Revolution#113, December 23, 2007
Destroying Homes for the Holidays in New Orleans
On December 12, government authorities began the planned demolition of four public housing developments in New Orleans. Bulldozers began rolling in the BW Cooper development. But this outrageous and heartless destruction of housing has been met with protest and resistance.
In September 2005, people around the world watched in horror at how the U.S. government abandoned tens of thousands of Black people in the flood waters after Katrina, subjected them to the most inhumane conditions, then callously evacuated them. Now, two years later, on December 14, headlines and photographs about New Orleans hit the national and international news again: The U.S. government heartlessly RAZING low-income housing people AND people RESISTING, going up against the bulldozers, determined to stop this crime. This had a big impact—the eyes of the world turned toward New Orleans once again. And as we go to press, a state court has halted the demolitions at three of the four developments, saying that the city council never voted to authorize the demolitions.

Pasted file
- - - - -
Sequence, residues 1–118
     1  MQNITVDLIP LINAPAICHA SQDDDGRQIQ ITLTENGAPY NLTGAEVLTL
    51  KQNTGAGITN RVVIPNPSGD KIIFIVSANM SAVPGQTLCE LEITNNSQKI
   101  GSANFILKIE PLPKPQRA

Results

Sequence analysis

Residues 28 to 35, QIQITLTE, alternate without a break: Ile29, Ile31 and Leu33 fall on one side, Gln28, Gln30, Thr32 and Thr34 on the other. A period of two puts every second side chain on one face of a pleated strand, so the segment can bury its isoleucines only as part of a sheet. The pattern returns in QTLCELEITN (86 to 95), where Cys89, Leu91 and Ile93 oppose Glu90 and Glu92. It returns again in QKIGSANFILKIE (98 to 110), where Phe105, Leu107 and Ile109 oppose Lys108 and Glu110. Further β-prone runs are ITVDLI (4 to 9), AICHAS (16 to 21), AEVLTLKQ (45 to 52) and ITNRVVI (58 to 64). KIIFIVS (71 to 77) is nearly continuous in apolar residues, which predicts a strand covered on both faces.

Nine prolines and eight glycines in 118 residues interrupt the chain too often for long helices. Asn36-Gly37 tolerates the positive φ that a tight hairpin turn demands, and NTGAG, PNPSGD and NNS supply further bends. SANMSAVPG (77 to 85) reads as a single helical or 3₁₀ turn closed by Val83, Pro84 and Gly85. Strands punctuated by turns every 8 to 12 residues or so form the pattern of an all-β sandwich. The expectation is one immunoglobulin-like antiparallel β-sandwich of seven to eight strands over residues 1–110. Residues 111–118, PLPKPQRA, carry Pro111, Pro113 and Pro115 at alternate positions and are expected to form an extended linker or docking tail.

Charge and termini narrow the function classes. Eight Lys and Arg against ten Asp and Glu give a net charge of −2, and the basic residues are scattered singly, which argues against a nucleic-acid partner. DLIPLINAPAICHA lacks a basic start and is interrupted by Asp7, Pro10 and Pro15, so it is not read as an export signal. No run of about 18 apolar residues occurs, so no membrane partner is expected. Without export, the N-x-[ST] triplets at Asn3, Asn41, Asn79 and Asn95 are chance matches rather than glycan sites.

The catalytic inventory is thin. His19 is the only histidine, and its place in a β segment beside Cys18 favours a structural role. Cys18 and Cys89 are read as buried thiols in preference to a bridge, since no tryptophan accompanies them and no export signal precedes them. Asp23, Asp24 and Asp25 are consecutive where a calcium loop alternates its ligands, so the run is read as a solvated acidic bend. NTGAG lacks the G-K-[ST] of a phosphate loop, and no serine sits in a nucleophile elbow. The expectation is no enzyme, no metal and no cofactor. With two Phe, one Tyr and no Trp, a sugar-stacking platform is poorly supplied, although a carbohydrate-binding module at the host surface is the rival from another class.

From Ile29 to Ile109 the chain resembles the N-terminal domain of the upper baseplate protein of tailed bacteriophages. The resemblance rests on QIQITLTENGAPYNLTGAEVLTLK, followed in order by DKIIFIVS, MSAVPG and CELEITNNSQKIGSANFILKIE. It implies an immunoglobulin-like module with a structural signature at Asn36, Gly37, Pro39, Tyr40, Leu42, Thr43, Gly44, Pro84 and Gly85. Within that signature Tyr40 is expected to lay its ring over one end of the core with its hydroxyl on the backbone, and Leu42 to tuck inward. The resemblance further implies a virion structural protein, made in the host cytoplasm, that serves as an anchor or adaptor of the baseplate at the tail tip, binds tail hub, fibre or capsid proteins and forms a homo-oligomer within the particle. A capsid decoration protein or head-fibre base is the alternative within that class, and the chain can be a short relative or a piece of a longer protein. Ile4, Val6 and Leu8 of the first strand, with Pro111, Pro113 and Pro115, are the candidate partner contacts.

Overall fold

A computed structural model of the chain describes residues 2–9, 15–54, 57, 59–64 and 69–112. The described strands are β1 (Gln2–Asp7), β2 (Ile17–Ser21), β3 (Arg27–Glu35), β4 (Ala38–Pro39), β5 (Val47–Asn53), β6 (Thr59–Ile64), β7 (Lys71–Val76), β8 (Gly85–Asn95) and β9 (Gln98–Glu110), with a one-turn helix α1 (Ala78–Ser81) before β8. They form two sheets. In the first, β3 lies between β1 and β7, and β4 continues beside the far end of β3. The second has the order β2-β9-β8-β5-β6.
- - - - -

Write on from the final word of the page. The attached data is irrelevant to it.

The city council could vote right away to put all of the demolitions back on track. And the court decision leaves one development, BW Cooper, facing demolition because it was slated for demolition before Hurricane Katrina.
If the authorities get away with their plans, four of the five remaining major public housing developments in the city will be demolished. More than 4,600 units will be reduced to rubble and replaced by “mixed income housing” which will have less than 800 affordable units.
These demolitions will destroy the neighborhoods that thousands of people called home. Many of the people who used to live in the sections of Cooper that are being demolished have been forced to move in with relatives or friends. Others have been forced to live on the streets. Now their homes are being destroyed.